Photo: Zak Greant/Flickr
Although overall home prices in Metro Vancouver are still rising, price growth has been significantly easing for the last two quarters and even dropped for detached properties in some areas of the region.
In June, benchmark prices for detached homes in various Metro Vancouver areas saw a maximum increase of 15 per cent and fell as low as seven per cent compared to a year ago, according to the Canada Mortgage and Housing Corporation’s (CMHC) latest Housing Market Assessment.
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Meantime, benchmark apartment prices across Metro Vancouver areas saw year-over-year increases anywhere from nine per cent to 35 per cent.
“[D]eclining prices there are due to high inventories that have accumulated due to sustained falling sales volumes,” Eric Bond, CMHC Manager, Market Analysis, tells Livabl.
“And so when inventories are high buyers have more choice and then can negotiate with sellers,” he adds.
In June, detached home prices in West Vancouver and Vancouver West saw year-over-year price declines between five and seven per cent. In North Vancouver and Richmond, detached home prices also dropped by as much as four per cent compared to a year ago.
In contrast, Metro Vancouver’s condo market only saw year-over-year price gains in June, with price growth rising to a high of 35 per cent in the areas of Surrey, Langley, White Rock, Pitt Meadows and Maple Ridge.
“We have a situation where about 70 per cent of sales in the Metro Vancouver area are for homes under a million dollars, while only 35 per cent of our inventory is in that category. So, that creates a lot of pressure in that market segment,” says Bond.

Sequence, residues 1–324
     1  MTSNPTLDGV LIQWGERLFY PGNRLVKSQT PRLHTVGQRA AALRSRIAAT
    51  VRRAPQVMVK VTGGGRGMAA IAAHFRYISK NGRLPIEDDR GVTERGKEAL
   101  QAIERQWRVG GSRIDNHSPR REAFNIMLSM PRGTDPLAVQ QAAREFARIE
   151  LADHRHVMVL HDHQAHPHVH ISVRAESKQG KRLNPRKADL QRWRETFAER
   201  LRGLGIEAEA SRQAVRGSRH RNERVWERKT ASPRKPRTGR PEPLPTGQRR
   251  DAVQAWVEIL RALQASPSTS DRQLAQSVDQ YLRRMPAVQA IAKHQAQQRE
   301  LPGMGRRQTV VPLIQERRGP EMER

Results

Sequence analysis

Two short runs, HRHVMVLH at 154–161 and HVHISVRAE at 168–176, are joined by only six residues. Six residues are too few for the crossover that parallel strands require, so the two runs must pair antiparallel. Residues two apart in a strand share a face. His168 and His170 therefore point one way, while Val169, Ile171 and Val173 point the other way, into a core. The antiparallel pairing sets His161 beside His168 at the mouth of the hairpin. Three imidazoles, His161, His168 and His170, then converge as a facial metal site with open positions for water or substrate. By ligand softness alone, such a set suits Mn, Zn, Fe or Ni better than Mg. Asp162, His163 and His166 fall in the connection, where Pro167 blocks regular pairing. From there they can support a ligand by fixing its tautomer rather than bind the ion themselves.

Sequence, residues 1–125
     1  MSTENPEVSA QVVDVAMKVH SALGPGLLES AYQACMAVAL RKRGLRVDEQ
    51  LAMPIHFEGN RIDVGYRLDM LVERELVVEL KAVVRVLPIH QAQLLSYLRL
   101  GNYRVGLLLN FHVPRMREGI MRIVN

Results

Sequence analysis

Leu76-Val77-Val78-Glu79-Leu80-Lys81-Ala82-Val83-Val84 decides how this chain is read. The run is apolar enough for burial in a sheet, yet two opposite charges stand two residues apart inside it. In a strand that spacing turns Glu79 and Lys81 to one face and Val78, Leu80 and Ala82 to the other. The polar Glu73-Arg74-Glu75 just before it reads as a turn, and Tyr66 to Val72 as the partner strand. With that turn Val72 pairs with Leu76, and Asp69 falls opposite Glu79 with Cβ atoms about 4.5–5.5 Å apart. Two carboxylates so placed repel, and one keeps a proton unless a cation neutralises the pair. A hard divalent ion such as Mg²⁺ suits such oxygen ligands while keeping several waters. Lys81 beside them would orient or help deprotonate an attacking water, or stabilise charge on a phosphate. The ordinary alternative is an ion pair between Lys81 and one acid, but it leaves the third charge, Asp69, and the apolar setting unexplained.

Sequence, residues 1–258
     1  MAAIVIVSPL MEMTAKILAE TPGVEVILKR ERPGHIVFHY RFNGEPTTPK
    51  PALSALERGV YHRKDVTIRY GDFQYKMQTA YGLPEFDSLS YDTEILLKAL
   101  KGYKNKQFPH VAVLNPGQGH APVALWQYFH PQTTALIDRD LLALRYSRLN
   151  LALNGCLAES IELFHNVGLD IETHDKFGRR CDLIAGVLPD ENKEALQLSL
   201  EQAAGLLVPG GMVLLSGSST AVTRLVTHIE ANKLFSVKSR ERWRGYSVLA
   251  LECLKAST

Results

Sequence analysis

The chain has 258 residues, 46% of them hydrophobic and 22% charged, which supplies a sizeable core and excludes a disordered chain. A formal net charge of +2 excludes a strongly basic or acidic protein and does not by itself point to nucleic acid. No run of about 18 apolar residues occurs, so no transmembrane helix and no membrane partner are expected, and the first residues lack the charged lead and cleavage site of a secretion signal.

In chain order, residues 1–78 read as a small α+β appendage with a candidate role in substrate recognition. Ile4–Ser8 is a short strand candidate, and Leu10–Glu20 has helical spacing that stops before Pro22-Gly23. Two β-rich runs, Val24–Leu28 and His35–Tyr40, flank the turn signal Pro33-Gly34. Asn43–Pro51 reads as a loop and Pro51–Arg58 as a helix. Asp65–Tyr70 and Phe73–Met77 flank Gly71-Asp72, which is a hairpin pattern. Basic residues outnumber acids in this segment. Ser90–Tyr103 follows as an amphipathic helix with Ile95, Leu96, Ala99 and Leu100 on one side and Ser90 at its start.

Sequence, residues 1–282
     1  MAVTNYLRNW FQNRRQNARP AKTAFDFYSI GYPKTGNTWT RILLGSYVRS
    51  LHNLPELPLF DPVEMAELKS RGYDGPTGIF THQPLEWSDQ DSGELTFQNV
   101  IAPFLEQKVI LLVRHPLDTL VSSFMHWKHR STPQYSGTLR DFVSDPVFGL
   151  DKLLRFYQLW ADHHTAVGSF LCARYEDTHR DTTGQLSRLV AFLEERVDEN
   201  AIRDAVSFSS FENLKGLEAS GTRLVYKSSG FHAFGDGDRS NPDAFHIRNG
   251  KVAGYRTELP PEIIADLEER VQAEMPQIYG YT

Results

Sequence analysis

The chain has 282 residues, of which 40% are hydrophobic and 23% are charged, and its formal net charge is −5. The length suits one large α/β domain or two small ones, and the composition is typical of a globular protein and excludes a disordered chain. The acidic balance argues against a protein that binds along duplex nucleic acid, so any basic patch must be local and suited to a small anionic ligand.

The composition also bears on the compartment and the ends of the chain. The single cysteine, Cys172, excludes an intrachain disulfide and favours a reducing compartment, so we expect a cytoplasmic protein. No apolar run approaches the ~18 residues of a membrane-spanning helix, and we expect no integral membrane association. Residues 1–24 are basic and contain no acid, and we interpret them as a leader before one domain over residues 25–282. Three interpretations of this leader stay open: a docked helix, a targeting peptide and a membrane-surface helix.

As buyers opt for more affordable home ownership options in the Lower Mainland, Metro Vancouver prices are experiencing less upward pressure.
In June, the overall benchmark price composite (for all home types combined) in Metro Vancouver was up 9.5 per cent from June 2017. However, benchmark prices in the Fraser Valley saw a notable year-over-year increase of 18.4 per cent.
“More affordable properties that buyers can purchase based on their local income are certainly still seeing very strong demand, while we’re seeing much lower demand and building inventories in the high-end of the market,” says Bond.
Despite overall prices rising, Bond notes that price growth has slowed considerably over the last two quarters, primarily because of falling sales which have led to rising inventories across all market segments.
He adds that the new mortgage stress test introduced in January has also contributed to a slowdown in demand across BC and the rest of the country.
As for the rest of 2018, Bond says price growth will likely continue to decline, as supply outweighs demand.
“[I]nventories remain high and sales volumes are low at least in the high-end of the market. This then sets conditions for continued weakness in prices in that segment. And because those properties have high values they have a disproportionate influence on the average price,” says Bond.